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Post by Penny
scrawled in the dust...
Post by Btms
It is not uncommon, ime, for values to begin with a purpose and end up with
a rule with no purpose.
I've met a lot of those which made no sense to me, often from nurses who
had learnt the 'rule' but never the reason for it so applied it all the
time instead of 'when necessary'.
Or the old saying: rules are made for the obedience of fools and the
guidance of wise men.*


It is an OLD military saying.
--
Editor in Waiting and Btms. aka Dame Jean Harvey
Fenny
2016-09-14 17:53:22 UTC
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Post by Penny
scrawled in the dust...
Post by Btms
It is not uncommon, ime, for values to begin with a purpose and end up with
a rule with no purpose.
I've met a lot of those which made no sense to me, often from nurses who
had learnt the 'rule' but never the reason for it so applied it all the
time instead of 'when necessary'.
It's a fairly standard outlook amongst people who never question
anything. They are taught a job in a particular way and this is how
it Must Be Done.

Much as I love our senior administrator and really don't want her to
retire next month, I'm looking forward to some tasks becoming much
less convoluted!
--
Fenny
krw
2016-09-14 20:47:37 UTC
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Post by Fenny
Much as I love our senior administrator and really don't want her to
retire next month, I'm looking forward to some tasks becoming much
less convoluted!
About 40 years ago I became treasurer of a society and the previous
treasurer had been trained in book keeping by the army and had been
taught a very clear procedure - day book, tracking references and so on.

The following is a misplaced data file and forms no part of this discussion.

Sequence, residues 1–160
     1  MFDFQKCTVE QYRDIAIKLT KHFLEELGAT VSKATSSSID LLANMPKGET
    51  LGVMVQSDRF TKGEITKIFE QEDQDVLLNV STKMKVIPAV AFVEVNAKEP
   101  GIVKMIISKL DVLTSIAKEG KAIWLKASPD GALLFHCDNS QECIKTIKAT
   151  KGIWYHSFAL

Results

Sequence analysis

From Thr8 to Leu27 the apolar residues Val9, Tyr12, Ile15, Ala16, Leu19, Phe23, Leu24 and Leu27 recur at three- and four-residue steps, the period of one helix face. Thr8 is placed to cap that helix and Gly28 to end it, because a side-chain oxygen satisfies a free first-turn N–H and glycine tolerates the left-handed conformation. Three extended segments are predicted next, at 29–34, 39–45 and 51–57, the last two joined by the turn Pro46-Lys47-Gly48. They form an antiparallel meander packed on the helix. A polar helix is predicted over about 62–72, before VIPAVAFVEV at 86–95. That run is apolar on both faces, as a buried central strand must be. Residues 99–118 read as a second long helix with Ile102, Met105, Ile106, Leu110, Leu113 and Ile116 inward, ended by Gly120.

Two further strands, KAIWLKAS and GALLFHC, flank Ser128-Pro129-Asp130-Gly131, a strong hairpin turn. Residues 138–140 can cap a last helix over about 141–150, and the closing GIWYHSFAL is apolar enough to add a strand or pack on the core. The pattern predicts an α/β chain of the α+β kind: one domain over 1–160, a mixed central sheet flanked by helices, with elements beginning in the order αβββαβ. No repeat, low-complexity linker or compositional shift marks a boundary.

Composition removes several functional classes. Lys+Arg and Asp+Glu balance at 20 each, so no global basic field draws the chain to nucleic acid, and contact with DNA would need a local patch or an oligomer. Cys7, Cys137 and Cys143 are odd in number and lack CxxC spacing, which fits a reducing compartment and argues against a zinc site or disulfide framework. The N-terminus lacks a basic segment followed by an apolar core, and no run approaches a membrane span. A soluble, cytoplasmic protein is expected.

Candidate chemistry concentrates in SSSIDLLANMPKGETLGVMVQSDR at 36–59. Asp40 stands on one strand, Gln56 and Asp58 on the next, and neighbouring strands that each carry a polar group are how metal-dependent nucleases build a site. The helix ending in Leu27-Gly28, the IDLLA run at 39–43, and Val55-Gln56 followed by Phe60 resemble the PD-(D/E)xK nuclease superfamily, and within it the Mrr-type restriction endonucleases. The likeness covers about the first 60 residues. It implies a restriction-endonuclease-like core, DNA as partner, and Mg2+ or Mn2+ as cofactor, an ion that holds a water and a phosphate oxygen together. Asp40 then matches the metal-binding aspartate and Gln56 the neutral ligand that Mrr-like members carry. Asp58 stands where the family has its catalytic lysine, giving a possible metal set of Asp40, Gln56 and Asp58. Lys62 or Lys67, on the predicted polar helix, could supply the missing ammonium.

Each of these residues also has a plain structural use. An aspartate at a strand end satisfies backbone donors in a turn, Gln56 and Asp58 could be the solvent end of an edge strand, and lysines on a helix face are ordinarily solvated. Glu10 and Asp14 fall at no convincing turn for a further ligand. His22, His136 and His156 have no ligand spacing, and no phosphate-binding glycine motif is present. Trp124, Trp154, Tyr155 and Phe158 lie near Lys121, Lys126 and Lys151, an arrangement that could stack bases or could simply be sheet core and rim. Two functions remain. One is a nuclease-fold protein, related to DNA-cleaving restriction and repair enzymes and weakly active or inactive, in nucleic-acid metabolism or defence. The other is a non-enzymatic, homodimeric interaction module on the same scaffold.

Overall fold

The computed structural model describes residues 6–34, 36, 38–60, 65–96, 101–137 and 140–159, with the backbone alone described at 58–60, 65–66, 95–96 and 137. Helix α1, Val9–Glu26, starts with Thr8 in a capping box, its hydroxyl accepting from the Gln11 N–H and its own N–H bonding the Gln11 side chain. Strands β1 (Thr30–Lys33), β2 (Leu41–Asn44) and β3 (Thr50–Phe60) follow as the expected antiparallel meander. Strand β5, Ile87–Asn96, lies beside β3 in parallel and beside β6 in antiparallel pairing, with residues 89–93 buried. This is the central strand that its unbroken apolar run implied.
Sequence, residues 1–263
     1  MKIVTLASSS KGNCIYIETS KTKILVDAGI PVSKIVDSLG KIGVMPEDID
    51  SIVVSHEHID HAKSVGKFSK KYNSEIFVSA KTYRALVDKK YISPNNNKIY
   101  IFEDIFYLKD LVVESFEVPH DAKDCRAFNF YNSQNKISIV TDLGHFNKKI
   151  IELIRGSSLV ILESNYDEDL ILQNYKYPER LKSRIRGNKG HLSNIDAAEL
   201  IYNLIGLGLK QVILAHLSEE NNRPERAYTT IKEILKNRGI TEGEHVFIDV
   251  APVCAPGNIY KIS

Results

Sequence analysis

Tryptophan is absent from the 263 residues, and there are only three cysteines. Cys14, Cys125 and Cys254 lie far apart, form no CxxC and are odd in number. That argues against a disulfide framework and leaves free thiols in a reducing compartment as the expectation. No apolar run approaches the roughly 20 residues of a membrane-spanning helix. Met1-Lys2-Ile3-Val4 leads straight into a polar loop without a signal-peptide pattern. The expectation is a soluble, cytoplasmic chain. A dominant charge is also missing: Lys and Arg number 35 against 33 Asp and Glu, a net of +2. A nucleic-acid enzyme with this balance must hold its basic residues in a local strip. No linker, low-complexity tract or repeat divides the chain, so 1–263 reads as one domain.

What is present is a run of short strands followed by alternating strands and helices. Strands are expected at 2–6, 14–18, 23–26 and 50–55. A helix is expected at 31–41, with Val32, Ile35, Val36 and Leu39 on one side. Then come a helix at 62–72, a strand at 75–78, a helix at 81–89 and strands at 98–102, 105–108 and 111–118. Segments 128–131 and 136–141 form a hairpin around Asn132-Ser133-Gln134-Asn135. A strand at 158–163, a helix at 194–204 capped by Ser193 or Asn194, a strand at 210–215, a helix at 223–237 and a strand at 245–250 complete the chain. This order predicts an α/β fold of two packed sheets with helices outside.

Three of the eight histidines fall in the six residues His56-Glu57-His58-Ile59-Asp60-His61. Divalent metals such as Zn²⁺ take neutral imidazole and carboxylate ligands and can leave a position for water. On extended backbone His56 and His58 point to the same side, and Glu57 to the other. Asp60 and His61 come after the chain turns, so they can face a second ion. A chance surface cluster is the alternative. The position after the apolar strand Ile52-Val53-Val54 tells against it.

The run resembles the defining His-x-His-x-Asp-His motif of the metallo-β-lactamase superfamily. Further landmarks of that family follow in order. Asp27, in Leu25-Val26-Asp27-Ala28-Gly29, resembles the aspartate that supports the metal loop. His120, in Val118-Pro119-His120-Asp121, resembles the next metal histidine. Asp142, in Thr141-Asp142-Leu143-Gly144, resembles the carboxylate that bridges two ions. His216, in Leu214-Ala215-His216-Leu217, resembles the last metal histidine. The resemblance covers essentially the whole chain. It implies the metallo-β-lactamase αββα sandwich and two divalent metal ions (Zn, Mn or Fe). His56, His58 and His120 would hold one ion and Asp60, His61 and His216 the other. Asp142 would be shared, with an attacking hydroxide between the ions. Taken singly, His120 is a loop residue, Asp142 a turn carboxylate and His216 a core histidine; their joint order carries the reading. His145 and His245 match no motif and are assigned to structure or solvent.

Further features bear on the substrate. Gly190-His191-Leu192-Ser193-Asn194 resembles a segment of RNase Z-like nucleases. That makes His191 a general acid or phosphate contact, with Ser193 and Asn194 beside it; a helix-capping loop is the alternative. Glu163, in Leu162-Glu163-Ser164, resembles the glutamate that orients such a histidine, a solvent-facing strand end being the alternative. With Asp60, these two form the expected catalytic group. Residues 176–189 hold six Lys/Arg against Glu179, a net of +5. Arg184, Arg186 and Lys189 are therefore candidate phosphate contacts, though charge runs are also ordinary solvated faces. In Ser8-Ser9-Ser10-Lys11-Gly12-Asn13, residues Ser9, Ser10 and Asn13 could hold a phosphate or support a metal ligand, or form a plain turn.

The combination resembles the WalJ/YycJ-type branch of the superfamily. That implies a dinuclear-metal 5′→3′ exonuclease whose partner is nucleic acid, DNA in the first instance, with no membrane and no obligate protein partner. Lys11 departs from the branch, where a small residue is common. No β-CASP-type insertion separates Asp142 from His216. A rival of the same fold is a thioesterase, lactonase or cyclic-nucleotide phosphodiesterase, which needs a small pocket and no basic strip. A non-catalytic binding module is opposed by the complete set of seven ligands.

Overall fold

All admirable and indeed would never go wrong.

The society banked with the then Girobank (remarkably cheap) and you
used to get a statement for each day's transactions. So instead of day
books and so on I just used the statement number (suffixed if more than
one on a single day) and saved a lot of writing up.

These days with spreadsheets it is so much simpler as it gets added up
as you go along!
--
Kosmo Richard W
www.travelswmw.whitnet.uk
tiny.cc/KRWpics
Fenny
2016-09-14 23:23:34 UTC
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Post by krw
The society banked with the then Girobank (remarkably cheap)
I had a Girobank account. You could use it to send letters to people
by transferring 25p into their account and writing a message on the
back of the transfer slip. You used the freepost envelope to send the
slip to the bank and they sent it to the recipient. They replied by
transferring the 25p back. Much cheaper than paying for stamps!

They were good for forrin money, too. I used Girobank postcheques for
several of my overseas trips until I got paid to spend abroad.
--
Fenny
J. P. Gilliver (John)
2016-09-14 20:45:41 UTC
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Post by Penny
scrawled in the dust...
Post by Btms
It is not uncommon, ime, for values to begin with a purpose and end up with
a rule with no purpose.
I've met a lot of those which made no sense to me, often from nurses who
had learnt the 'rule' but never the reason for it so applied it all the
time instead of 'when necessary'.
Yes, I find that sort of attitude wearing too.

However, my mother taught me (or possibly just told me - I suspect I
wouldn't be taught such a thing) that there are times when there _are_
good reasons for a rule, but you haven't the knowledge - or, sometimes,
the time to learn - to _understand_ the reason.

IIRR, she gave as example certain computing matters, where she just
wanted me to tell her how to do things, not why (i. e. not how the steps
to achieve the desired result did so).
--
J. P. Gilliver. UMRA: 1960/<1985 MB++G()AL-IS-Ch++(p)***@T+H+Sh0!:`)DNAf

A good pun is its own reword.
Penny
2016-09-14 21:53:38 UTC
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On Wed, 14 Sep 2016 21:45:41 +0100, "J. P. Gilliver (John)"
Post by J. P. Gilliver (John)
Post by Penny
scrawled in the dust...
Post by Btms
It is not uncommon, ime, for values to begin with a purpose and end up with
a rule with no purpose.
I've met a lot of those which made no sense to me, often from nurses who
had learnt the 'rule' but never the reason for it so applied it all the
time instead of 'when necessary'.
Yes, I find that sort of attitude wearing too.
However, my mother taught me (or possibly just told me - I suspect I
wouldn't be taught such a thing) that there are times when there _are_
good reasons for a rule, but you haven't the knowledge - or, sometimes,
the time to learn - to _understand_ the reason.